Legislative Committees with Oversight Functions In the General Assembly, the work of standing committees, select committees, and task forces may include oversight activities. The most direct and formal oversight functions are carried out by special or select committees that the General Assembly has created to review very specific and narrowly defined issues. These committees may consist exclusively of legislators or they may include legislators as part of a broader committee membership. The work of these committees may be assisted by LSC staff, agency staff, or the committee's own staff. An example of a permanent legislative oversight committee under the direction of the LSC is the Correctional Institution Inspection Committee (CIIC). This eight-member committee, established in 1977, is charged with the responsibility of inspecting private and state operated adult prisons, and evaluating operations, conditions, and grievance procedures. The committee may also inspect local jails and Department of Youth Services facilities. The committee is required to submit a report to the General Assembly of findings made in inspections and of any programs or proposals to assist in the development of improvements. The CIIC employs a staff director and inspectors to assist members with inspections, evaluations, and reports. Staff also make inquiries regarding institutional corrections issues and problems reported by various sources, including legislators, institution employees,


inmates, incarcerated youth, and family members of inmates and youth. Review of Administrative Rules The legislature's review of administrative rules is another way in which the General Assembly oversees the executive branch. A "rule" is a formal written statement of law that state agencies adopt to carry out statutory policies and administer programs. The General Assembly's role in the rule-making process is the review and possible invalidation of proposed and adopted rules. The Joint Committee on Agency Rule Review (JCARR), created in 1978, is the vehicle through which the General Assembly exercises its rulemaking oversight. JCARR consists of five members of the House of Representatives appointed by the Speaker of the House and five members of the Senate appointed by the President of the Senate, with no more than three members from each house being of the same political party. JCARR is primarily responsible for reviewing proposed and adopted rules. In addition, as part of a periodic review of agency rules, JCARR must determine whether an agency has complied with review criteria specified in the Revised Code. JCARR does not have authority to invalidate rules. JCARR may recommend that the General Assembly invalidate a proposed or adopted rule, but the power to invalidate a rule is vested solely in the General Assembly. The General Assembly may invalidate a rule on the grounds (1) that it exceeds the agency's rule-making authority, (2) that it conflicts with legislative intent, (3) that it conflicts with another rule, (4) that it is not accompanied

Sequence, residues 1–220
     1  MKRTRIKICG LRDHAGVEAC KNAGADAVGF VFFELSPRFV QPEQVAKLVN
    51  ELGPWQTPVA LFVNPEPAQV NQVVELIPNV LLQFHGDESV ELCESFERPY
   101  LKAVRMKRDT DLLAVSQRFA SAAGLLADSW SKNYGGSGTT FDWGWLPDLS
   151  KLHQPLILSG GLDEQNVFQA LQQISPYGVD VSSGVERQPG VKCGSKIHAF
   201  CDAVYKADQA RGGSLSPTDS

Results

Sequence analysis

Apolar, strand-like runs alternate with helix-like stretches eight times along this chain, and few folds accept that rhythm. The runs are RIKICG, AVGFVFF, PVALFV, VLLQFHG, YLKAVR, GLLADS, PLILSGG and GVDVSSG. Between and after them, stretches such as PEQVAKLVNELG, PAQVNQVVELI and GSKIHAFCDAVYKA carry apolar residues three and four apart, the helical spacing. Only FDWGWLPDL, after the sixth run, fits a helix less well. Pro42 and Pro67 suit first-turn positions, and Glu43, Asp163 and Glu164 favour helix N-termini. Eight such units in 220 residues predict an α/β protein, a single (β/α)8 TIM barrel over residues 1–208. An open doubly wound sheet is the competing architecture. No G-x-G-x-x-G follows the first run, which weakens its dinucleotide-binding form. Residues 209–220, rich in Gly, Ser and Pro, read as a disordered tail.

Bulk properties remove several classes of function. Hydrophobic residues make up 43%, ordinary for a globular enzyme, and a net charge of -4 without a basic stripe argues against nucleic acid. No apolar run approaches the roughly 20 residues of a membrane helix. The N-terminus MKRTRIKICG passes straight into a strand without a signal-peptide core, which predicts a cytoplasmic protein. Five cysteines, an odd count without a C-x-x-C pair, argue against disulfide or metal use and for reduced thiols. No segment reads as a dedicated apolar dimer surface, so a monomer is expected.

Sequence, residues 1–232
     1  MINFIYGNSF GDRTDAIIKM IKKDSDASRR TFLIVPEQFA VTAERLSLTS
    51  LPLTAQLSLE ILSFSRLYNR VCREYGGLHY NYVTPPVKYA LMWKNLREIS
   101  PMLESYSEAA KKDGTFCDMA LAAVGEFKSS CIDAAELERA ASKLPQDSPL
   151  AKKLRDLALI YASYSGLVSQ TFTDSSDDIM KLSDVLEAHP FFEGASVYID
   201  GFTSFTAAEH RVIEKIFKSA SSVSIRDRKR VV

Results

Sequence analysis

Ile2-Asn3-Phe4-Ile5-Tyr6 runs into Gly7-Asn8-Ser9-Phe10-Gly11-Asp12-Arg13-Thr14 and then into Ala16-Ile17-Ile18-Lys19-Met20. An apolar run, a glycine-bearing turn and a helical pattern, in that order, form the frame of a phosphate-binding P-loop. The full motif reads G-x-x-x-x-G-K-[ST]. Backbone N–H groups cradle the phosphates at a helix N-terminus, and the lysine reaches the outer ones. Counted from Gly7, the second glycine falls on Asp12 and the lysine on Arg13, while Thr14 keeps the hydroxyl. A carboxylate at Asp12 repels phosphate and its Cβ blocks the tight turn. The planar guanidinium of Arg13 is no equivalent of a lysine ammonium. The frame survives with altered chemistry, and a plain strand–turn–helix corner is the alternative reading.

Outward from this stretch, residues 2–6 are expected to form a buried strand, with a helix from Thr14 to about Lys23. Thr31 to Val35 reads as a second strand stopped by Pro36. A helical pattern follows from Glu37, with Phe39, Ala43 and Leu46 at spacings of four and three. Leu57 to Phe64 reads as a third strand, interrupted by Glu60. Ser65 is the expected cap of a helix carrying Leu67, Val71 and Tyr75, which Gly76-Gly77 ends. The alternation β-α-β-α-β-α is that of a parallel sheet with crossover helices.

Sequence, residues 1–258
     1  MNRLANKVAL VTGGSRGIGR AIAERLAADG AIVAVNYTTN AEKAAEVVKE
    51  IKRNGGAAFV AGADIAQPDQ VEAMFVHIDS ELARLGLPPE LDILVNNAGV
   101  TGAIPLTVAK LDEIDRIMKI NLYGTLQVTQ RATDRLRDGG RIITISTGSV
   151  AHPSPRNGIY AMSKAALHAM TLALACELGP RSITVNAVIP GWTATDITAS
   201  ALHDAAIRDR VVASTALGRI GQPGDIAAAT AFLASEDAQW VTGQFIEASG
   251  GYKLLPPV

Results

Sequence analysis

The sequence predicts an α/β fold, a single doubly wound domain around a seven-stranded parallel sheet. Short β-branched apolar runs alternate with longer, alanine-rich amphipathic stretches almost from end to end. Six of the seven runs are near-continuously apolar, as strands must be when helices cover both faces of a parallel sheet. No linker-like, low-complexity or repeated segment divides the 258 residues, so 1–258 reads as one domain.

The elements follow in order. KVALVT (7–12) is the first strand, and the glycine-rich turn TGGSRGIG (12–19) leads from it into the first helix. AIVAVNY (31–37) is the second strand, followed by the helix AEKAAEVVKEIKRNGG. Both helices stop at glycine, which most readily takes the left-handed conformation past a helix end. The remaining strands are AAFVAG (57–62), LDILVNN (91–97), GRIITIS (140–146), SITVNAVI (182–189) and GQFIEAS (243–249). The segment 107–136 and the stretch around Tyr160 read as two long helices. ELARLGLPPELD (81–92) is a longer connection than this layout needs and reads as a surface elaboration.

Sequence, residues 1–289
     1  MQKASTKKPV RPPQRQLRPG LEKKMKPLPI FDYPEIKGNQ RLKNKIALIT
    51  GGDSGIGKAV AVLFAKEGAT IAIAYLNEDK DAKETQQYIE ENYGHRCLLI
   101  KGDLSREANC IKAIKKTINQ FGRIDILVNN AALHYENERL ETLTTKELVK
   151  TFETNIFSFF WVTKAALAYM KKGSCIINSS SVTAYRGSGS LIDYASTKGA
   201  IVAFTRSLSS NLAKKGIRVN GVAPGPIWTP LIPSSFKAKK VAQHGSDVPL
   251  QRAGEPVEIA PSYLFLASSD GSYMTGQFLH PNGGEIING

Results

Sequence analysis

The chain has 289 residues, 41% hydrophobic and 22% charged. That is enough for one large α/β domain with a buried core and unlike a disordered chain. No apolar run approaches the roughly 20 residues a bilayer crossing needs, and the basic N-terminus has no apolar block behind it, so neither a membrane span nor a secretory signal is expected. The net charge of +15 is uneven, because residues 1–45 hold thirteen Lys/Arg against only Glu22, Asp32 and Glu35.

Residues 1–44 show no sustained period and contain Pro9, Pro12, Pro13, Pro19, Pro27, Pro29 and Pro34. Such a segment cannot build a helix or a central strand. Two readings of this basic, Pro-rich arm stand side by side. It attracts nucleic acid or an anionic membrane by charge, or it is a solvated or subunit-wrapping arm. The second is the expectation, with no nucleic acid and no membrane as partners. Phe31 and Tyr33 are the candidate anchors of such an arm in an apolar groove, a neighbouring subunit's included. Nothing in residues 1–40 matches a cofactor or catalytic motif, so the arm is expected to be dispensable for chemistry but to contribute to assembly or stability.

A Guidebook for Ohio Legislators